The Chief Operating Officer at Harrow CCG advised that there was evidence to show that the recent merger meant that there was increased resilience at LNWHT, for example, the A&E services in North West London had outperformed other A&E services in London.
RESOLVED: That the report be noted.
Report of the Director of Public Health.
The Sub-Committee received a report of the Director of Public Health which provided an update on the collaboration between London boroughs on Genitourinary Medicine (GUM) services and the main findings of the market engagement developed by the pan London Sexual Health Transformation Project. The report also set out the next steps of the project consisting of a collaborative procurement plan for GUM and Contraception and Sexual Health Services (CaSH) Services.
Following a brief overview of the report, Members asked the following questions and made the following comments:
· How would high risk groups be identified? How would the CCG ensure that the new service was flexible and responsive to changes in demography and local need?
The Head of Public Health Commissioning stated that the demographics were likely to change and the tendering pack would indicate current demographic information and the potential provider would be obliged to demonstrate that the new services would be flexible and responsive to demographic changes.
· The term ‘family planning’ had fallen out of use in recent years. However, this continued to be an area of concern. Was there another term that could be used to cover family planning issues for those who required this service?
The Head of Public Health Commissioning advised that the aim was to normalise the service as far as possible. The new integrated sexual health service would include family planning and providers would be expected to response to a range of local needs, including domestic violence and child sexual exploitation.
· What were the common Key Performance Indicators (KPIs) for the GUM and CaSH services and how had they been identified?
The Head of Public Health Commissioning stated that the KPIs has been agreed in line with national specifications in conjunction with local indicators and these related to reducing the incidence of STIs, increasing access to service and improving sexual health outcomes.
· The report indicated that a significant amount of sexual health provision was through GP practices and local clinics. However, was this provision as extensive as that provided at specialist clinics? Was this local provision financially viable or make financial sense given that there were a large number specialist providers?
The Head of Public Health Commissioning stated that NHS England contracted GPs to provide contraceptive services and that a recent local survey shown that many women preferred to access these services locally through their GP rather than at a specialist clinic.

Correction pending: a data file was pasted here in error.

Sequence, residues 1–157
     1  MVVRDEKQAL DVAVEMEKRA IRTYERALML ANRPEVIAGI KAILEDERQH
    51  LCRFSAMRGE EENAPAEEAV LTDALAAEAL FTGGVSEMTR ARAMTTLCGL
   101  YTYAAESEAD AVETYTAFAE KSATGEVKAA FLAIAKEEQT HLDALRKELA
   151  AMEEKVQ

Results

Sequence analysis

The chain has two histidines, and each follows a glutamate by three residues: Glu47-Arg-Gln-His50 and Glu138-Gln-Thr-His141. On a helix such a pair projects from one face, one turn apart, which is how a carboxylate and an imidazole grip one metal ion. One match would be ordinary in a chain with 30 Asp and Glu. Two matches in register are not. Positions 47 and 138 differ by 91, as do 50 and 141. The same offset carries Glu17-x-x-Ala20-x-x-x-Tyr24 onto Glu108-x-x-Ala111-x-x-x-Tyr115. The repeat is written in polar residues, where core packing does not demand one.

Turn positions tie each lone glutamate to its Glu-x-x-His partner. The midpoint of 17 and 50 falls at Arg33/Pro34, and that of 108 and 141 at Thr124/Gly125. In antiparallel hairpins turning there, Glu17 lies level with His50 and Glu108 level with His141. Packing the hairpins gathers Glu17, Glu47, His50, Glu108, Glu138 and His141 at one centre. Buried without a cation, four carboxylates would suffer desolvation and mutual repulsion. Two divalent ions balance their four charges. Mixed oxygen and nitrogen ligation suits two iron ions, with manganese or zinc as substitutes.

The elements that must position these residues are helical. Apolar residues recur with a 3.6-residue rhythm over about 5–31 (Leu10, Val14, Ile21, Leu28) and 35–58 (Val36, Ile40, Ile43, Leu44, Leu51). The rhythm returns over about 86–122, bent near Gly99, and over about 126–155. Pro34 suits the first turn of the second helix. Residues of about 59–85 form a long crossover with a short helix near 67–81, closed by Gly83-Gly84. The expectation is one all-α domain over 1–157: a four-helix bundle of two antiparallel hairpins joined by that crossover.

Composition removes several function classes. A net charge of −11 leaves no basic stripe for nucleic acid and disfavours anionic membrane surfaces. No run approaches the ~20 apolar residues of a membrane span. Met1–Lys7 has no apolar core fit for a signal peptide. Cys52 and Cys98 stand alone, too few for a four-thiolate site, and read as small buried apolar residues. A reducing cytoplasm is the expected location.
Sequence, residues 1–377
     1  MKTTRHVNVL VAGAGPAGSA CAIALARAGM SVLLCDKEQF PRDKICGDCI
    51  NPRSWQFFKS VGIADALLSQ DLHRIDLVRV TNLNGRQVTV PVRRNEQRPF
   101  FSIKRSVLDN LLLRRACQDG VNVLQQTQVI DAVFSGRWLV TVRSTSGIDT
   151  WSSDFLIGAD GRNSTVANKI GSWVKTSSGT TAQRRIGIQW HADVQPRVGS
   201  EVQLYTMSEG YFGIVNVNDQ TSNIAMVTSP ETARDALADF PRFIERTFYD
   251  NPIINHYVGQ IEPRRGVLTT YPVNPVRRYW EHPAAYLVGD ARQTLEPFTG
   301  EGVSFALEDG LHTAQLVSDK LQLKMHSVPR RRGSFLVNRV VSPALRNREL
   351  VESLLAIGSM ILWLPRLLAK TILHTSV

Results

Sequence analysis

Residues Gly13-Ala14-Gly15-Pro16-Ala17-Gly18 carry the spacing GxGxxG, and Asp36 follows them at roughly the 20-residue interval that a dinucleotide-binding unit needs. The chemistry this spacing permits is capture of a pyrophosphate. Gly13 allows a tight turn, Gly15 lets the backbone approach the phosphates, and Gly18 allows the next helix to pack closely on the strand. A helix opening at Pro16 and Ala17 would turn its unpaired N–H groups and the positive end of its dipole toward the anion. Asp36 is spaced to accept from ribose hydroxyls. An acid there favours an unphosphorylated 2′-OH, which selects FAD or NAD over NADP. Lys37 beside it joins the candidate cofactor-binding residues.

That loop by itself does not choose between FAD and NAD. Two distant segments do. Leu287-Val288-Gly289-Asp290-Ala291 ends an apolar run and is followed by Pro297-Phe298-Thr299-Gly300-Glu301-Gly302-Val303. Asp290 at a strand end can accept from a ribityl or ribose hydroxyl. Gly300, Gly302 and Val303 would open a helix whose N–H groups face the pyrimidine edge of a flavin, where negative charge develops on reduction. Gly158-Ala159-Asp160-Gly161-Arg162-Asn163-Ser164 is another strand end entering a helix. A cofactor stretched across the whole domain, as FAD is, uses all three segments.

· The review of London GUM clinics and local authority participation in the Sexual Health Services review of 2015 showed that there were a very large number of providers. Were service users prepared to travel long distances to access these services?
The Head of Public Health Commissioning advised that the data showed that there were 34 acute clinics in London and that the number of patients who were tested resulting in a positive diagnosis, was low. Local residents will be encouraged, in the first instance, to access GP services and the service and communications regarding this would clarify pathways to patients.
· There was ... view the full minutes text for item 67.
The Sub-Committee received a report of the Director of Adult Social Care which set out an overview of the implementation of the Care Act 2014.
Following a brief overview of the report, the Head of Safeguarding Assurance & Quality Services responded to questions and comments as follows:
· What was the standard rate of payment for care in Harrow for those individuals who received state funding? What were the number of third party top-up payments and what level were they paid at? What access did service users have to relevant information and advice prior to making a decision and how was this signposted?
· What constituted ‘ordinarily resident’ in terms of the Care Act regarding portability? Did this only apply when a service user transferred to Harrow from another local authority and did not require a new assessment?
The Head of Safeguarding Assurance & Quality Services advised that he had interpreted ordinary residents to mean those who did not require a new assessment.
He added, that, Harrow adhered to the rates set down in the West London Alliance Accreditation, Purchasing and Contract Management Scheme (WLAAPC), which were based on market forces and were as follows: £540 for Residential care and £620 for Nursing care. However, some local authorities sometimes paid more than this. He did not have to hand figures for third party top-ups and average amounts and undertook to send this information to Members after the meeting.